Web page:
When Colony needed to get the ball downfield, they went to Scotty. During his senior year, he broke bones in his foot. He came back four games later, gritting his teeth through the pain.
"His mom's illness, that's what drove him," Rice said. "He saw what she went through every day, and he said, 'If she can do what she does, I can do this.' He always wanted to make his mom happy."
Hard times • At home, money was stretched thin.
Anything Scott got clothes, toys, sports equipment was precious to him. Banks became an expert at making big purchases on layaway, saving up for holidays and birthdays. Caldwell remembers how Banks always seemed to find a way to save if her son needed something.
They had little left for frills.
"We didn't have no Christmas tree for a long time," Scott said. "Growing up, it was like, 'Here you go.' And that was it. But it meant a lot."
Scott was hungry from time to time, when free or reduced-price lunches of chips and soda didn't stretch far enough.
The long-term solution, to Scott, was football. If he could go on scholarship, he could ease the burden on his family and start carving a path to the pros. He calculated his chances were better in football, where his size and skill set would be more likely to get a scholarship than his first love, basketball.
Money wasn't the only problem: Life in his neighborhood wasn't always safe. When he was 16, he heard loud bangs from a basketball court near his house. He raced toward the sound to find a friend in a car, shot to death.
He didn't tell his mother he knew the boy who had been killed until last year.
Banks knows her son has his secrets.
Her scars are on her skin, scratched across her arms from years of medical procedure. Scott's are concealed, hidden within himself.
"It's funny, because we try to protect each other," she said. "I tried to keep him from seeing me in the hospital, I didn't want him to see everything I went through. And he doesn't want me to know everything that he goes through, either."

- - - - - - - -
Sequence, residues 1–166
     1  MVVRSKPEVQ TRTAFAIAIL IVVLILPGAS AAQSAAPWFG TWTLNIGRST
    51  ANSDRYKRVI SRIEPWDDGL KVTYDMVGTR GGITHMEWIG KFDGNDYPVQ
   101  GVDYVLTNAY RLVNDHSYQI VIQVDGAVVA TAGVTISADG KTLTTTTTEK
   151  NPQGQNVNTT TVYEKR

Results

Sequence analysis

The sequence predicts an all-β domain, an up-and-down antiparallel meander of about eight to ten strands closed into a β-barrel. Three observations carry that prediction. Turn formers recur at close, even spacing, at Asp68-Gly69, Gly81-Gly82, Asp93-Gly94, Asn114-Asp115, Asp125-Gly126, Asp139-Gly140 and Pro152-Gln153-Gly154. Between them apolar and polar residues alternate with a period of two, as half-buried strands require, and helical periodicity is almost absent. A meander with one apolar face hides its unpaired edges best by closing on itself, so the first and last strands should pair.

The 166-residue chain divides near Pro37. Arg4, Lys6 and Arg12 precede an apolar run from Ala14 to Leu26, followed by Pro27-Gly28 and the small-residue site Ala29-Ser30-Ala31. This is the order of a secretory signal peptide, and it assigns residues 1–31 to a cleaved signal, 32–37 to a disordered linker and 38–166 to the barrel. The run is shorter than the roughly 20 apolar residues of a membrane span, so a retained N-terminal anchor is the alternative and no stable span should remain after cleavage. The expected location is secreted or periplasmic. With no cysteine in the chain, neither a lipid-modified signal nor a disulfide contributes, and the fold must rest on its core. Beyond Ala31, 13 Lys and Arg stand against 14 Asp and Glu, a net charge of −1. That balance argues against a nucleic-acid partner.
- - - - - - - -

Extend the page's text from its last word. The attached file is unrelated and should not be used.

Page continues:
Finding an outlet • Scott committed to Utah as a junior in high school, a decision that initially concerned his parents. Banks called up Aaron Roderick in a huff to tell him it wasn't right to accept a commitment from a 16-year-old "child."
But they were won over after talking to the coaching staff, and learning more about the Utes' program. The family saw an opportunity to send their son far away from the stress of living at home.
"We realized it's perfect for the dude," Bland said. "He's out on his own, and that's where it's best for him to be."
The 6-foot-3, 200-pound Scott had grown into a chiseled, hard-nosed receiver. The Utes were excited to sign him, not just for his obvious talent, but for his ever-churning desire to become better.
"You have to drag him off the field, really," Roderick said last month. "When he runs in practice, he runs himself to exhaustion."
He set off, inspired to be a great receiver at the U. But the brakes soon came on after he broke his ankle in fall camp, leaving him out for a year.
He had struggled with bouts of anger throughout his life, but now he couldn't hold it all in. He was prone to outbursts with little provocation. The pressure had overtaken him.